Republican Lies category archive
Sam and his crew discuss how Fox News tries to spin something out of not much of anything.
At the Tampa Bay Times, Larry Tye makes a case that understanding the history of Senator Joe McCarthy could lead to understanding Donald Trump and his dupes, symps, and fellow-travelers. Here’s a telling bit from the article:
Republicans were even more yellow-bellied. Their leader in the Senate, Robert Taft of Ohio, confided to friends that McCarthy had “made allegations which are impossible to prove.” But there was a reason Taft, like today’s GOP Senate boss Mitch McConnell, was called Mr. Republican. “Whether Senator McCarthy has legal evidence, whether he has overstated or understated his case, is of lesser importance. The question is whether the Communist influence in the State Department still exists,” said Taft, knowing full well it didn’t. A Washington acquaintance explained that “McCarthyism is a kind of liquor for Taft. He knows it’s bad stuff, and he keeps taking the pledge. But every so often he falls off the wagon.”
At the Bangor Daily News, journalism professor Joseph Hayden looks at the (right-wing) hysterics about “antifa” and concludes that it is a barrel of balderdash, a bucket of batherskate, a freight-load of fantasy, designed to derail the discourse. Here’s a snippet; follow the link for the evidence.
David argues that he has identified an actual “crisis actor.” And it’s not who believers in “crisis actors” would have you think it is.
Sam talks with Mike Dimondstein, President of the American Postal Workers Union.
A Federal judge in Pennsylvania has stayed the Trump campaign’s federal court lawsuit against Pennsylvania’s loosening of voting procedures in these viral times. Farron explores the implications of the ruling.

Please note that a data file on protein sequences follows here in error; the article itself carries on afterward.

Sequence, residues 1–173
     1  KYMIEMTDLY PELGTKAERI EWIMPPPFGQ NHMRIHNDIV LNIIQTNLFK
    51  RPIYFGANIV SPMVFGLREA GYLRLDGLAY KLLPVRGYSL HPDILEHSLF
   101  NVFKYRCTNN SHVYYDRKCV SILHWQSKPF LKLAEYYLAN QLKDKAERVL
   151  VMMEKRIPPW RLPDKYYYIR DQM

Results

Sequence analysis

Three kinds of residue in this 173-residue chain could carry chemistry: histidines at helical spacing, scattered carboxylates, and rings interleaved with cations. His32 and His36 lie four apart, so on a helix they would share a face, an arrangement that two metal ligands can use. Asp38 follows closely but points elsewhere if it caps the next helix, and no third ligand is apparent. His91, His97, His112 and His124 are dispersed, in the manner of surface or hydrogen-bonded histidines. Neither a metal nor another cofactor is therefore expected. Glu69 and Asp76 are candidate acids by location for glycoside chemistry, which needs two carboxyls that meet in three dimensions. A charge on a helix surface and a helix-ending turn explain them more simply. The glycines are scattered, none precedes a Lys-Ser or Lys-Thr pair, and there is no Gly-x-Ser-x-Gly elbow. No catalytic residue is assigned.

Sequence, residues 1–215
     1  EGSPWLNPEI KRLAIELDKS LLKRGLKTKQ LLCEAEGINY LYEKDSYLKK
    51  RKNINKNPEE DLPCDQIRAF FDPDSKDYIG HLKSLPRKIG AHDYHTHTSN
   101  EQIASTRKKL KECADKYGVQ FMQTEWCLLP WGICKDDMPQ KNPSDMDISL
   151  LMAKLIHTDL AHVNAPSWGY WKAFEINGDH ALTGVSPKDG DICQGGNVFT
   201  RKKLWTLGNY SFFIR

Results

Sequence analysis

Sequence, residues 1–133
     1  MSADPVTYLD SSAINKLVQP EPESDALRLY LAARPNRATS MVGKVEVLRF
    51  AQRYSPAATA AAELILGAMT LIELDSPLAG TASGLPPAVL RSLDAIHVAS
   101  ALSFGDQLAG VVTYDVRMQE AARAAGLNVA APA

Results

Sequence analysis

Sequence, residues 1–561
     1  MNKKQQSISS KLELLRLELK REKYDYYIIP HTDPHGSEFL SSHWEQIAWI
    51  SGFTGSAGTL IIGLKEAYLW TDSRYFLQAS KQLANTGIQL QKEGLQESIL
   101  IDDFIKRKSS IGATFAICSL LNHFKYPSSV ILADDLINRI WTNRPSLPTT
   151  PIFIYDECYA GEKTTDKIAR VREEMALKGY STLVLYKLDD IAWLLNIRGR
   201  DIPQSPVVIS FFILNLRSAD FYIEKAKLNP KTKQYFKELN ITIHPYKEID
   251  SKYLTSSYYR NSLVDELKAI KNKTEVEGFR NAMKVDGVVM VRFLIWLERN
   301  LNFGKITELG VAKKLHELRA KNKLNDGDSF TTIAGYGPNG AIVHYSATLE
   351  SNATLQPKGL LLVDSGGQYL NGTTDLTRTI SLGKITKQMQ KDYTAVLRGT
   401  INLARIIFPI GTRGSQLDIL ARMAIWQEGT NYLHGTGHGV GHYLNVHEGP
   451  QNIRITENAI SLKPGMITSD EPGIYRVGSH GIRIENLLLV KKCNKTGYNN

At the Idaho State Journal, Mike Murphy opines that Donald Trump’s comparing himself favorably to Teddy Roosevelt, like much of what Donald Trump says, flies in the face of fact. Here’s a bit of his article:
But then, of course, Trump, who never does his homework before spouting off some grandiose hogwash, once again displayed his lack of historical knowledge during the signing ceremony in the East Room of the White House, saying, “There hasn’t been anything like this since Teddy Roosevelt, I suspect.”
That is the second time this summer that someone has compared Donald Trump to Theodore Roosevelt, the 26th president of the United States. Back in July, as South Dakota governor Kristi Noem introduced Trump prior to his speech at Mt. Rushmore, she likened him to Teddy Roosevelt as a man who “braves the dangers of the arena.”
I have recently read two Theodore Roosevelt biographies and, to paraphrase 1988 vice presidential candidate Sen. Lloyd Bentsen, “Mr. President, you’re no Teddy Roosevelt.”
Follow the link for his reasoning.